Wednesday, September 9, 1998 Published at 15:46 GMT 16:46 UK
Russian separatist fears fuelled
Russian shoppers are hoarding scarce supplies of basic foods
Russia's political paralysis and moves by regional leaders to take matters into their own hands to ease the impact of the economic crisis have fuelled fears of increasing regional separatism.
The authorities in Krasnoyarsk and Buryatia in Siberia announced emergency measures on Tuesday, and on Wednesday the Republic of Tatarstan on the Volga followed suit.
In the Novgorod region, northwest of Moscow, the authorities have set up a general commodity bank to organise the bartering of timber, cardboard, mineral fertilisers and other local products in exchange for food, ITAR-TASS news agency reported.
Local price controls, food export bans In the southern city of Tambov, the municipal assembly on Wednesday decided to block all movement of essential goods including bread, sugar, salt, meat and cereals to areas beyond the city.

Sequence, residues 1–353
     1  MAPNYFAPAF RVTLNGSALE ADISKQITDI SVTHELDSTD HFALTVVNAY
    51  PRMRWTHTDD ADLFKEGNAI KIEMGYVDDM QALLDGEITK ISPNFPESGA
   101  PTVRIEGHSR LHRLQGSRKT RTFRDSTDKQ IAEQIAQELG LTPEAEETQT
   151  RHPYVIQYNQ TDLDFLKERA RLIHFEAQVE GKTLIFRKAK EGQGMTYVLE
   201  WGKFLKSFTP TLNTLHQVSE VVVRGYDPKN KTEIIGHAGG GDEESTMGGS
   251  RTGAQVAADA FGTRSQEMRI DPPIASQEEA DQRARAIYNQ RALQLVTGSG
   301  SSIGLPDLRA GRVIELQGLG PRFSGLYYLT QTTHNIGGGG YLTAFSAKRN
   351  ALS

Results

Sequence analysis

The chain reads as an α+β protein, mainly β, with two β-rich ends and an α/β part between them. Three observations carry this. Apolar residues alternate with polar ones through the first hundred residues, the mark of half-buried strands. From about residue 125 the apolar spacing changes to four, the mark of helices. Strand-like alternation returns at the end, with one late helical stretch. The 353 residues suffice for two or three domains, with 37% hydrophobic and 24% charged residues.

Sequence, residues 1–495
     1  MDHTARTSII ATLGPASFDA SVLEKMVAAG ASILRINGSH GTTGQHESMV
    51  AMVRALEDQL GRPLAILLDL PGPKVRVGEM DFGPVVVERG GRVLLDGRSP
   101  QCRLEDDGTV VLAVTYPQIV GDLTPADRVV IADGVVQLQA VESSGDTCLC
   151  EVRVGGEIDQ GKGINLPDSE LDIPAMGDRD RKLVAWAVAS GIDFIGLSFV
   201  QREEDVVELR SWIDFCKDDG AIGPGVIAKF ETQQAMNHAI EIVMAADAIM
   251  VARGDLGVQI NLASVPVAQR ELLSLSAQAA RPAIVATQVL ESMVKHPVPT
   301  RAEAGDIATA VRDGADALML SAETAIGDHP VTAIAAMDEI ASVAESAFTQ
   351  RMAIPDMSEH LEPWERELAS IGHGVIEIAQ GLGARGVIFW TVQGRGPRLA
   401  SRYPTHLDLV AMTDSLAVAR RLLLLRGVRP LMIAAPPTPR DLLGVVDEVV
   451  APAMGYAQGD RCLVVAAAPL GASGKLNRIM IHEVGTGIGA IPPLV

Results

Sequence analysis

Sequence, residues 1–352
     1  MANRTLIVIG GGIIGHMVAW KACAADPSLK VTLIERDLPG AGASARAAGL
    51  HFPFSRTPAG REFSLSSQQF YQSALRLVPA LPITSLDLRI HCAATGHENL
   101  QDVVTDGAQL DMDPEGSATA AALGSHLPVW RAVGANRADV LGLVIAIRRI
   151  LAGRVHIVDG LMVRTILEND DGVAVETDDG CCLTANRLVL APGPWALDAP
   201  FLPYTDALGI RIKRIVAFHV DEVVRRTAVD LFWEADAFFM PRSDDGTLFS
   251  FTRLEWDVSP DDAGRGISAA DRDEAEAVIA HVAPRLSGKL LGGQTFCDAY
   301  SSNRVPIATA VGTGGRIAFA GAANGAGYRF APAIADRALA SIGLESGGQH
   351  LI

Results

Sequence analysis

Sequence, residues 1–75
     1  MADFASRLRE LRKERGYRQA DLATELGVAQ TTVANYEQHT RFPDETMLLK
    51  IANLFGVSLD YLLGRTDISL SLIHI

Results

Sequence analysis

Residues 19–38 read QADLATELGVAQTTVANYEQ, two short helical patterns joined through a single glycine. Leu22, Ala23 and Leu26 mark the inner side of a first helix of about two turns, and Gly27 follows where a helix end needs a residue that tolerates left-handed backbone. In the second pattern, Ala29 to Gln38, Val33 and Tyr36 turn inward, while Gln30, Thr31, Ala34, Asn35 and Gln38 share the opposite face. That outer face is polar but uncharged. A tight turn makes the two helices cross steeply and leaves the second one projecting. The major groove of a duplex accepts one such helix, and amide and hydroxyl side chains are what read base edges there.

Deputies argued that visiting traders had been buying up large quantities of such goods at city markets.
Meanwhile, in the Ivanovo region northeast of Moscow, the city authorities told shops on Wednesday to restricts sales of loaves of bread to no more than five per person.
They also banned deliveries of bread beyond the region.
In North Ossetia, in the Russian Caucasus, President Alexander Dzasokhov announced that he had ordered the drafting of a resolution to fix the prices of 11 basic food items.
In Stavropol region, traffic police were told to keep a round-the-clock watch at checkpoints to prevent large quantities of food being taken out of the region.
Price controls were also imposed, as in North Ossetia.
Meanwhile in the southern region of Rostov, a regional food reserve is being created to regulate food supplies, ITAR-TASS reported.
Local leaders were advised to urgently sign contracts with farmers and food-processing firms, offering them the most favourable terms of co-operation, including the supply of manufactured goods and tax breaks.
BBC Monitoring (http://www.monitor.bbc.co.uk), based in Caversham in southern England, selects and translates information from radio, television, press, news agencies and the Internet from 150 countries in more than 70 languages.